WhatsApp group chats can easily be infiltrated, find researchers

WhatsApp group chats can easily be infiltrated, find researchers

WhatsApp group chats can easily be infiltrated, find researchers

At the recent Real World Crypto security conference in Zurich, Switzerland, cybersecurity analysts from Ruhr University Bochum in Germany presented a paper about security flaws in encrypted messaging apps including WhatsApp, Signal, and Threema.

As per the research, Signal and WhatsApp fail to properly authenticate that who is adding a new member to the group and it is possible for an unauthorized person, who is not even a member of the group, to add someone to the group chat. Basically, they have found a way to breach WhatsApp's security to infiltrate into group chats despite the end-to-end encryption technology. This is an obvious security concern as all the messages sent after the insertion of the new entity can be intercepted.

Hackers and spies could secretly eavesdrop on your private WhatsApp conversations, security researchers have claimed.

He said that there are multiple ways to verify group chat members, adding that users are notified of anyone new joining, including those without permission. Once an attacker with server control accessed the conversation, he or she could also use it to selectively block any messages in the group, including those that ask questions, or provide warnings about the new entrant.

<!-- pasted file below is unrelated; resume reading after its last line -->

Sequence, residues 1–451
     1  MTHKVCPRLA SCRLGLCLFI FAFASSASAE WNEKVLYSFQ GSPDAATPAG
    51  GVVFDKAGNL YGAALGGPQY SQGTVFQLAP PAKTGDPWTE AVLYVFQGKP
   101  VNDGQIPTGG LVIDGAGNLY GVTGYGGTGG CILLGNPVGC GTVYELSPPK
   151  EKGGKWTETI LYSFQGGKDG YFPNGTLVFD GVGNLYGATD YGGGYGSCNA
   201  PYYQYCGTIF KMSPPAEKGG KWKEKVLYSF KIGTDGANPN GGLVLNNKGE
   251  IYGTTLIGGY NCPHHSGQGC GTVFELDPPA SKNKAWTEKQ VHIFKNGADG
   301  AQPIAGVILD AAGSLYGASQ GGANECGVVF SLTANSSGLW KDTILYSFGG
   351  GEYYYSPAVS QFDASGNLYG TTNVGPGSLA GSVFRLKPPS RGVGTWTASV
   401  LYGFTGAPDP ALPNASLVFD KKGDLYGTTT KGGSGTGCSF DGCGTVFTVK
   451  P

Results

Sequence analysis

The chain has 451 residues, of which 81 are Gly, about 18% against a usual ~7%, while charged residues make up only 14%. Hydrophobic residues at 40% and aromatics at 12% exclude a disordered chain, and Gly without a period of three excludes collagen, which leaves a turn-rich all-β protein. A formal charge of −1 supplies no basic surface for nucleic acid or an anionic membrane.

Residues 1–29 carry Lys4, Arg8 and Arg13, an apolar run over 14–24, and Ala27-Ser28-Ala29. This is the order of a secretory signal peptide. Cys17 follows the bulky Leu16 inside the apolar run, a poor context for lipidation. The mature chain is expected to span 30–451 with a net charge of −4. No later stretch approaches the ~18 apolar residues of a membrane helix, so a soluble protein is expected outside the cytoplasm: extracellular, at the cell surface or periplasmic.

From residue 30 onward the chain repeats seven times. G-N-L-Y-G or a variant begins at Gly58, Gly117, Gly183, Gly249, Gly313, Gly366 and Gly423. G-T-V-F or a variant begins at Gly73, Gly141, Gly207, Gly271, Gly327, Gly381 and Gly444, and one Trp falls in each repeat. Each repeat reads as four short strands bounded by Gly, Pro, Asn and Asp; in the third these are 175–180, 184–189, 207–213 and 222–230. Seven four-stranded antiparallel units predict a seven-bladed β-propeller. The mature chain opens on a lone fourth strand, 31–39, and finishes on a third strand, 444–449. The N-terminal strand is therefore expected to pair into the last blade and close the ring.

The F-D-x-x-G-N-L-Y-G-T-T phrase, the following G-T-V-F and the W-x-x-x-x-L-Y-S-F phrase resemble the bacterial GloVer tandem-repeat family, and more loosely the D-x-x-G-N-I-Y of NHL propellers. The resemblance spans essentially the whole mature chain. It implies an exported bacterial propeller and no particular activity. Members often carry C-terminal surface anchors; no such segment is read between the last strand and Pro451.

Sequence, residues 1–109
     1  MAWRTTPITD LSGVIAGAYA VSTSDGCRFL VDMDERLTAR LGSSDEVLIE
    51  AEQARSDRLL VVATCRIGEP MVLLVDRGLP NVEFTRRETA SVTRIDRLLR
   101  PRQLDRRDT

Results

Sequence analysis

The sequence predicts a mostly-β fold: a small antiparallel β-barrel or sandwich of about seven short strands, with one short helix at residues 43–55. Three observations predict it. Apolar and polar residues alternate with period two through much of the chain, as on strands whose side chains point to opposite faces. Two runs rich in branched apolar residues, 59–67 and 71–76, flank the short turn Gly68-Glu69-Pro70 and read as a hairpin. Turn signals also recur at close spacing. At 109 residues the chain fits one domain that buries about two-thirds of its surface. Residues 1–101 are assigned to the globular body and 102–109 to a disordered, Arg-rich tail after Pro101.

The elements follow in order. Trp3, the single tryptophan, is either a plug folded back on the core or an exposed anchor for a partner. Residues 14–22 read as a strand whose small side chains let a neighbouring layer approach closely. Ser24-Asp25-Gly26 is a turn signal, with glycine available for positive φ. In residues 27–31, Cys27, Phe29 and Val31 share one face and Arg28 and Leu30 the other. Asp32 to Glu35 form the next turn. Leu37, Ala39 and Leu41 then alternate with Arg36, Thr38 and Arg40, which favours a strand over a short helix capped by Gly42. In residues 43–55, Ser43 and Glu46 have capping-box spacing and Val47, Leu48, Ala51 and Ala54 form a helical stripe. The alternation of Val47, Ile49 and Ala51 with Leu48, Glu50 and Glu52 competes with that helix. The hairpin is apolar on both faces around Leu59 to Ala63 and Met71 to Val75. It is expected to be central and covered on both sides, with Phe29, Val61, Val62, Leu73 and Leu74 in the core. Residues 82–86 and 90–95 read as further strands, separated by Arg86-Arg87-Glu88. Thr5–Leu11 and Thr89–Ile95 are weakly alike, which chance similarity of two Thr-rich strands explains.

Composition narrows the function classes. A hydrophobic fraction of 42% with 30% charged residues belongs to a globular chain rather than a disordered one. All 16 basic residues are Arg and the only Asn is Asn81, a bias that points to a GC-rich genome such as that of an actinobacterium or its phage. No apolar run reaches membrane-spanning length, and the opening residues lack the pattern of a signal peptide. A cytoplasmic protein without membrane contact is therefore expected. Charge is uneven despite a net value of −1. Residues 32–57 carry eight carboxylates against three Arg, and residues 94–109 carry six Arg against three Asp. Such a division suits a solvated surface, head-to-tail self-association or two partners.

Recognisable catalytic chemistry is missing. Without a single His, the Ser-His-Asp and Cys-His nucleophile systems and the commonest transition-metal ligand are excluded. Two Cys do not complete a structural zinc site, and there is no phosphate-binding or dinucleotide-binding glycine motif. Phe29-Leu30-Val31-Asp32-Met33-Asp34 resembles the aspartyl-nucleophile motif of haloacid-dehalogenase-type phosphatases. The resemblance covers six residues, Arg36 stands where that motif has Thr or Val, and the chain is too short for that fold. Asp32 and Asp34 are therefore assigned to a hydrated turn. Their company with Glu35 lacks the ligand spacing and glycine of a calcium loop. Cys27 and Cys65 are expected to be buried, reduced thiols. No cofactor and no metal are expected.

The fact that those controlling WhatsApp's servers can access group messages destroys the idea of end-to-end encryption which was introduced to ensure that even messaging services won't be able to access individual communications.

Signal handles group management a bit differently.

This is because a notification does go through that a new, unknown member has joined the group, alerting people of the new unknown member.

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That's good news, because getting direct access to these servers would be extremely hard. "The reason is that in order to add someone to your group, I need to know the group ID".

So if you see someone new entering your group, speak to the other members in private chats to confirm the new person's identity. In such a case, it is impossible for them to share details with enforcement agencies that they themselves can not access.

In Threema, only the creator of a group is the administrator, each group has a unique ID, and all group messages contain this ID. "From now on when you and your contacts use the latest version of the app, every call you make, and every message, photo, video, file, and voice message you send, is end-to-end encrypted by default, including group chats", company said in its blog post.

The goal of having an end-to-end encryption is to stop trusting the intermediate servers in such a way that even the company or the server that transmits the data can decrypt the messages or abuse the centralized position.

"We haven't entirely achieved this yet, thanks to things like key servers". After all, admins can always tell the others through a new group or inform them through personal messages.

That seems to be enough for them at the moment, especially because a fix for the flaw could end up breaking the convenient "group invite link" feature.

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